Which unnecessary sequel to a broad hit comedy shoehorned into the holiday season will win out? Wellllllllll, the similarities between them are uncanny (they have basically the same ending, and even the promise of a Vegas-set spin-off), and it’ll largely be a matter of taste in which one you like better. “Bad Moms Christmas” is Rated R, whereas “Daddy’s Home 2” is more family friendly, but it also has arguably the crueler message as John Lithgow’s nice-guy dad is pretty much treated like garbage for enjoying time with his son, being a nice guy, and even has his long-time wife leave him for Captain Sully of all people. Ouch…
Bad Moms Christmas…Last year, “Bad Moms” became one of 2016’s few surprise hits, and since it’s impossible to leave a 100-million dollar plus grossing film alone, the Chinese-financiers of “Bad Moms” had to rush out a holiday sequel only 18 months after the original became a sleeper hit. This film smacks of cash-register-courting desperation, and there’s really no reason it should exist, but I did enjoy Kathryn Hahn (as always), and Susan Sarandon as her trash mother. Most of the movie’s best scenes involve pro-actresses like Christine Baranski and Sarandon comparing notes on their daughters and their own mothers, and to be honest I’d be more excited to watch a spin-off sequel featuring them. After all, the movie’s biggest drag is the supposed “plot” that involves Mila Kunis’s relentlessly sour rebelling against Christmas. “Fighting for the right” not to party, but to eat Chinese food and wear sweats on Christmas Eve isn’t exactly the catharsis the first “Bad Moms” movie was going for. Grade: C
Daddy’s Home Two…Although PG-13, this one is–in a way–an even wilder and meaner outing than “Bad Moms Christmas,” it’s also just a little bit more fun. It features low-brow slapstick gags and an off-the-charts cheesy karaoke climax, but much like “Moms” the grandparents (in this case, granddads) steal the show. Mel Gibson shows up as a cross between Kurt Russell’s aging good looks and Steve Bannon’s ideas, and his scenes practically crackle with Alt-Right mischief, the closest a Christmas comedy has ever had to a macho version of The Joker, as he seems to delight in tormenting and dividing everyone around him. But the movie’s real soul might be John Lithgow, about as far away as you can get from his Trump-like character in “Beatrice at Dinner,” and once again showing the underrated thespian’s immense range. Between the two movies, I felt more for his character than just about anyone, and scenes like a hysterical dad-off over “who’s messing with the thermostate” pack more honest, dumbass laughs than pretty much anything in “Bad Moms Christmas.” Grade: C+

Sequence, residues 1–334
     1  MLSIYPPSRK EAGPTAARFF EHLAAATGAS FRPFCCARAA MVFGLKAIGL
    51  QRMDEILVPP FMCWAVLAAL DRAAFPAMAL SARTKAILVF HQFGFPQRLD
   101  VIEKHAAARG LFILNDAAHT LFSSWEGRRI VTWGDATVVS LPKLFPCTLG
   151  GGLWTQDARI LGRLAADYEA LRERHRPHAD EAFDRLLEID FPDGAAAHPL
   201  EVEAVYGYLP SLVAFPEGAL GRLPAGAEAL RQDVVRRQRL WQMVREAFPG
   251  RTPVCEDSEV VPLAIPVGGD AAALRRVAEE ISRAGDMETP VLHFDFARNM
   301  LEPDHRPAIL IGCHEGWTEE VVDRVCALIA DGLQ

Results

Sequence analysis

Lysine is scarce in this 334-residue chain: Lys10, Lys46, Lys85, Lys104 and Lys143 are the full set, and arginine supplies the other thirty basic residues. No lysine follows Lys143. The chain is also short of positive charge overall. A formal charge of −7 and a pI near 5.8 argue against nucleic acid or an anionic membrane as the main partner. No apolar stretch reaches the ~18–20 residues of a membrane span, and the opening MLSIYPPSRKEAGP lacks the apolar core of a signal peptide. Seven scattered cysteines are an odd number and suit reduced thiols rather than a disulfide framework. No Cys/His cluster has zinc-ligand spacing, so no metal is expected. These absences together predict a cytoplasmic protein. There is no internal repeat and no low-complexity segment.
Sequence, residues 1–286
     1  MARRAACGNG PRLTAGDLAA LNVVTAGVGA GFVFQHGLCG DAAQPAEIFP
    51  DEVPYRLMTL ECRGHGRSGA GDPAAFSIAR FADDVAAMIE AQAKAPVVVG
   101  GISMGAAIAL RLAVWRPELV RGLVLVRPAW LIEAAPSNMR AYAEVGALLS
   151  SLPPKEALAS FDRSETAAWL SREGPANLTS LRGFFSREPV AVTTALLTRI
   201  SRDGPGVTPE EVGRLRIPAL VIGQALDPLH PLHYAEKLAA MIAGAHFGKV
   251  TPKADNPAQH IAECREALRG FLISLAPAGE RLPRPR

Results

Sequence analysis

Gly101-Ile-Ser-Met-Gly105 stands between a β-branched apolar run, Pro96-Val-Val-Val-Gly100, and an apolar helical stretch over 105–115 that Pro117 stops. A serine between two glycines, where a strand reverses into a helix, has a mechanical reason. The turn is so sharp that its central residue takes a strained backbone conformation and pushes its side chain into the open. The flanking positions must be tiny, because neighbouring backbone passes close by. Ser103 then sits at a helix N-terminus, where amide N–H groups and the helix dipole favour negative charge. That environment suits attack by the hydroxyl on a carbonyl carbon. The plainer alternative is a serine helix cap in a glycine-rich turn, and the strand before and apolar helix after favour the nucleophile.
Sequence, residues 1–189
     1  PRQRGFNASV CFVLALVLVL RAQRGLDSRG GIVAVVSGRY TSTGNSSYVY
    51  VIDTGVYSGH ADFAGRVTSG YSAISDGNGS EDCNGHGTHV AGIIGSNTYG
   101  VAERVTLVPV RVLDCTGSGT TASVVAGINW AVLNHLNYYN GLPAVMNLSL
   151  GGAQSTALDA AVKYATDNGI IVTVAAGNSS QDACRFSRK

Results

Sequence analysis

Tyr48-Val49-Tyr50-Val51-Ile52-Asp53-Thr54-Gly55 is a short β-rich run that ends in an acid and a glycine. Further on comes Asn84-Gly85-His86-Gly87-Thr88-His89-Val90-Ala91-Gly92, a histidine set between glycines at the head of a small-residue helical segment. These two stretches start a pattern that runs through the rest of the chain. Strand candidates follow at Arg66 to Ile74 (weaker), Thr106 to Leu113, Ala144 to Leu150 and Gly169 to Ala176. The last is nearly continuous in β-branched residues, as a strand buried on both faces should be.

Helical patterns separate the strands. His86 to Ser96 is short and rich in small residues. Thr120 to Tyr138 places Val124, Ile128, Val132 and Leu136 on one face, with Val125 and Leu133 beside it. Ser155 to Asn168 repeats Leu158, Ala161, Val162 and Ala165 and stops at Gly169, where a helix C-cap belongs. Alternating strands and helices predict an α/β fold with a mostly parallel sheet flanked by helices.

Verdict: Neither movie is great, but the shrill scene where Mila Kunis tries to throw out her mother’s carefully selected and finely decorated Christmas tree made me wince more than laugh, and is just a little bit more painful than the mean “Daddy’s Home 2” improve-gone-wrong scene. Ultimately, “Daddy’s Home 2” wins this battle of mediocrity by the absolute thinnest of margins.